The next tier of players to consider includes names like Ben Zobrist, Josh Hamilton, Prince Fielder, and possibly Alex Gordon (if you really like his defense); we should also not fail to consider (as I failed to do so last year) the other two of the top three pitchers in the AL, namely David Price and Felix Hernandez.
Let's pause for a moment here and consider how pathetic it is for Detroit to have only yesterday clinched the AL Central when they could have three top-10 MVP players - and they've also got guys like Austin Jackson and Max Scherzer (2nd in the AL in strikeouts!) Okay. Moving along.
Jones is a player worth mentioning in the same breath as any of those guys. No one of them is so much better than the rest at everything that they are an obvious choice. Do you like the solid defense at several positions combined with on-base skills of Zobrist? How about the pure power of Hamilton, with 43 home runs? Or the traditional .300/.400/.500 line of Fielder?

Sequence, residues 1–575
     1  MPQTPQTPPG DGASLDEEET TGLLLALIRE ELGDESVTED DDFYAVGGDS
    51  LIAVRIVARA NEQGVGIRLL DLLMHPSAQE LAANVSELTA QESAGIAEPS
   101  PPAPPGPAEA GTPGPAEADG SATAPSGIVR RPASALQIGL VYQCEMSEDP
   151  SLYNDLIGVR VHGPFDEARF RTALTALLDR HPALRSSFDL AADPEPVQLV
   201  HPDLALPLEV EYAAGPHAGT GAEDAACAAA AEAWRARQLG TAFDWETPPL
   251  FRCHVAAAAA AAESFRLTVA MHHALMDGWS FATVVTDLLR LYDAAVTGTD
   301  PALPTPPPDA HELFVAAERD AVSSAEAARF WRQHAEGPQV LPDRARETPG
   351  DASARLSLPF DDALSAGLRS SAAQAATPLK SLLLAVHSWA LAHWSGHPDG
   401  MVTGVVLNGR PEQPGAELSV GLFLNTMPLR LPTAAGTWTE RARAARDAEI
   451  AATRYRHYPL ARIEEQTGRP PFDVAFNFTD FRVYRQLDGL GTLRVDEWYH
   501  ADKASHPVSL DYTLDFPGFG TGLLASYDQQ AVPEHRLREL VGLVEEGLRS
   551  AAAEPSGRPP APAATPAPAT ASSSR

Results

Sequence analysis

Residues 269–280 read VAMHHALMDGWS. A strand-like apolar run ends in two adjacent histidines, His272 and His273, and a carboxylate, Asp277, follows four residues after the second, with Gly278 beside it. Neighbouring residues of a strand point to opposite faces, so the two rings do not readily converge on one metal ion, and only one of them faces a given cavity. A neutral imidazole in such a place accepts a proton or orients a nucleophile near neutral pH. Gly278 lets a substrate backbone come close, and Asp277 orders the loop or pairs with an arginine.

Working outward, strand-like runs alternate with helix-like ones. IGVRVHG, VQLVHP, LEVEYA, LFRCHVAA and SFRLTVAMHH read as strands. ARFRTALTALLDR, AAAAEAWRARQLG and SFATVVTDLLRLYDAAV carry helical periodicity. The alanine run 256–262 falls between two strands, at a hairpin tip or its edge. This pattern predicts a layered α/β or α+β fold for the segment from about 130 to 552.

With the Red Sox falling off the table this year, the "AL East is a tough place to pitch!" narrative should help Price less than it used to. 3/4 of Price's divisional opponents were in the bottom half of AL offenses. Hernandez has the feather of the perfect game in his cap, and he's third in the league in strikeouts, second in innings pitched, but 5th in ERA (though 3rd among pitchers with 200+ IP). That's good, but is it great enough to break in to the MVP discussion?
The great Trout-Cabrera conflagration will take up much of the oxygen as MVP ballots are considered, discussed, and torn down, but these down-ballot selections can be just as interesting.
A player on the Orioles was one of the best players in the American League, and no matter how many votes he gets, that is still pretty cool. He might very well find himself getting a little extra support due to "playoff bias" - and that is also pretty cool.